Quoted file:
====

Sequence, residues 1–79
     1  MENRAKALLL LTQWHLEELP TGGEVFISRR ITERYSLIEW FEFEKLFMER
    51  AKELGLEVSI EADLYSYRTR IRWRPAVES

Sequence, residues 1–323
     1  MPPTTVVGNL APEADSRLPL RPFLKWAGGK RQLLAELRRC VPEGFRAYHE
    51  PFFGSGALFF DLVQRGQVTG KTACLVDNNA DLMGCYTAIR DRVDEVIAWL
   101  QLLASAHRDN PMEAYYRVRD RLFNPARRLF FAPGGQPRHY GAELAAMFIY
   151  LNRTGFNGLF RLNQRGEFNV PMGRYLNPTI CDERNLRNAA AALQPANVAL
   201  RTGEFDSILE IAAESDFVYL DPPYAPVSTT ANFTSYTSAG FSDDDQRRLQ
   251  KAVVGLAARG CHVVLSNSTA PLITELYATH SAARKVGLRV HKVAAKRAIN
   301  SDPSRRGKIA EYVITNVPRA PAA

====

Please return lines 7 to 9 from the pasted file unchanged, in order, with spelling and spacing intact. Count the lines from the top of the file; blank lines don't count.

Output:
   101  QLLASAHRDN PMEAYYRVRD RLFNPARRLF FAPGGQPRHY GAELAAMFIY
   151  LNRTGFNGLF RLNQRGEFNV PMGRYLNPTI CDERNLRNAA AALQPANVAL
   201  RTGEFDSILE IAAESDFVYL DPPYAPVSTT ANFTSYTSAG FSDDDQRRLQ